I don't have the equations to hand right now as I'm on my phone on holiday, but the strength does go up in a power law (its either cubed or fourth, I can't remember which).

They probably can, you're right there. The bars are very sturdy and well built.

Impressive, Bob. :D

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Once an olympic bar has 200 kg loaded, you'll find it hard to get room for more weight, though. Also, at 200 kg they are bending - I've seen it. It's not a permanent bend, though.

 

I went for a run yesterday. Ended up doing 5.54 km in 23:51 (5k at 21:34)- not a bad time but still quite far from my personal best. I think that once spring hits, I will be running more. I've also been considered going for the home gym option - I don't lift more than 100 kg very often so should be fine with doing lighter weights and more reps. Problem is, though, that my flat has very soft floor so I'm afraid to leave permanent marks on the floor. It's also very warm in the summer and on the second floor so I'll not be so inclined to take out the weights. 

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Started doing keto yesterday.

Today I made salmon-spinach gratin with a whole lot of cheese and for desert chocolate microwave "cake". Keto is awesome :D Some leftover gratin for later and tomorrow :)

Spent quite a lot of money today for cocoa powder, Erythritol (sugar substitute) and almond flour. Erythritol was by far the most expensive, 8€ for 700g. Should last me for a while, though.
It's always funny when people ask me "What the hell do you it during keto?" expecting a short answer and I respond with "Bacon, eggs, salmon, chicken wings, meatballs, peanuts, basically every kind of cheese, vegetables, ...". The looks I get :laughing:

 

Still a little under the weather. Playing football last Monday wasn't the greatest idea...should be completely healthy by Saturday/Sunday. Then it's time to hit the gym again. :peace:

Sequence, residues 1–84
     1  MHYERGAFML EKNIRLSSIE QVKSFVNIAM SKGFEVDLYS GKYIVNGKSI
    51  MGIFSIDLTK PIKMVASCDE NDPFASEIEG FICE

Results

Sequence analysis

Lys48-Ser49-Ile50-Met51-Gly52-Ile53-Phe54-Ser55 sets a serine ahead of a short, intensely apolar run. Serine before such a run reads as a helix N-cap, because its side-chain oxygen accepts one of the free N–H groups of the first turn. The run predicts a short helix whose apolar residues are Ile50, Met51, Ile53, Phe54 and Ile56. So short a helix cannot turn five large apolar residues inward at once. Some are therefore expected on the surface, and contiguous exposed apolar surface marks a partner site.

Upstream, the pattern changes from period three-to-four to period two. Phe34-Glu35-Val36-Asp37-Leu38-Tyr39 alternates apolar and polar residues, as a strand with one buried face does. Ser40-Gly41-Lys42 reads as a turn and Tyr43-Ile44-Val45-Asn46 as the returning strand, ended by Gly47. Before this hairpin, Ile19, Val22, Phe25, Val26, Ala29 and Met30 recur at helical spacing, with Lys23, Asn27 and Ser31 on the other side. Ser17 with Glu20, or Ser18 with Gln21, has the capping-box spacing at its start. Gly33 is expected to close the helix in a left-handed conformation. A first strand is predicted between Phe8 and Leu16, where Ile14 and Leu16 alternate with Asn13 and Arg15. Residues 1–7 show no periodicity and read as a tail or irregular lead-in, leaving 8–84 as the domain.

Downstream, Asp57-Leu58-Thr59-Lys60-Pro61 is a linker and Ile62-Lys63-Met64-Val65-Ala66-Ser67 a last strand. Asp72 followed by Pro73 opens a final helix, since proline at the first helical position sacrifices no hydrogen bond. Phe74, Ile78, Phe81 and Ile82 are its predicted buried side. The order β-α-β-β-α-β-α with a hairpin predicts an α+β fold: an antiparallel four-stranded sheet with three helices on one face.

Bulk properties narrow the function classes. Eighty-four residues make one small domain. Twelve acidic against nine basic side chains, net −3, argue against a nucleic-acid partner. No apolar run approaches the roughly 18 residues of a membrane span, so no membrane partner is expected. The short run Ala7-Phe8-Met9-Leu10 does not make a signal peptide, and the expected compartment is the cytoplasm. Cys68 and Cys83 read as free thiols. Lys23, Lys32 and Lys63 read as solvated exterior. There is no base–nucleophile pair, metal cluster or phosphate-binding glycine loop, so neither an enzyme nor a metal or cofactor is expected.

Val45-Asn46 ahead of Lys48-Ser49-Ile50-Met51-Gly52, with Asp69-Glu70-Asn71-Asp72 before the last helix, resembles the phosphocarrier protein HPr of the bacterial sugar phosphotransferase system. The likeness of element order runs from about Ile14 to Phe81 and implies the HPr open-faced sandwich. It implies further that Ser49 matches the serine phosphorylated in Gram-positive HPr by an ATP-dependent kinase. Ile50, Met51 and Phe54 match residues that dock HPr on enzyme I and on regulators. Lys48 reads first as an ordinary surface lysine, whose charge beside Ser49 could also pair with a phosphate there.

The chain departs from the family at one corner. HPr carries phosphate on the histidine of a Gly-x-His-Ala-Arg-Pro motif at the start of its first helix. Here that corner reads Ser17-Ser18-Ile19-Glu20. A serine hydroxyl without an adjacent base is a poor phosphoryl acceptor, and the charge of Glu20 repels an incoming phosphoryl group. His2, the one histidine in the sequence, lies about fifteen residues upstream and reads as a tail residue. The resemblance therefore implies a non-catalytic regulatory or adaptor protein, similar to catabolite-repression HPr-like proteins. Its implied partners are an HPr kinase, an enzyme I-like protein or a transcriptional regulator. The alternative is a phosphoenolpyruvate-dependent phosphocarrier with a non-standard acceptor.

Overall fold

Edited by drahkon

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Last year I ran two half marathons in a 3 week period. I trained for 12 weeks leading up the first one which I did in 1:33:34, finishing 180th overall. 3 week later I did the Amsterdam one and ran it in 1:39.01. Looking back on this I wouldn't go two so close to each other again, unless it was literally a week. You go from such a high to the low of going back to training for the 3 weeks between races and it's really hard to run the long run in between again.

So much of doing a good time is down to conditions. It was 30 degrees for the Amsterdam race and it was absolutely mind over matter. I saw people collapse on the course from exhaustion and the heat and personally it was the worst experience of my life, the last few miles in particular were brutal.

The reason I mention all this? Starting training for the Hackney Half Marathon on Monday. Hoping for a sub 1 hour 30 minutes time hopefully!

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the rated weight is to prevent them being bent.... they'll still work but not very well.  And you're basing them on being the same thing, which they are not.  a cheap bar is a cheap piece of metal.  an olympic bar is more complex, it has mechanical parts that make it spin and rotate.   I've used bars that have been only very slightly bent, just barely visible with the eye, and they are mechanically fucked, and make it very difficult to do any rotational movement like cleans and bicep curls.

Edited by Raining_again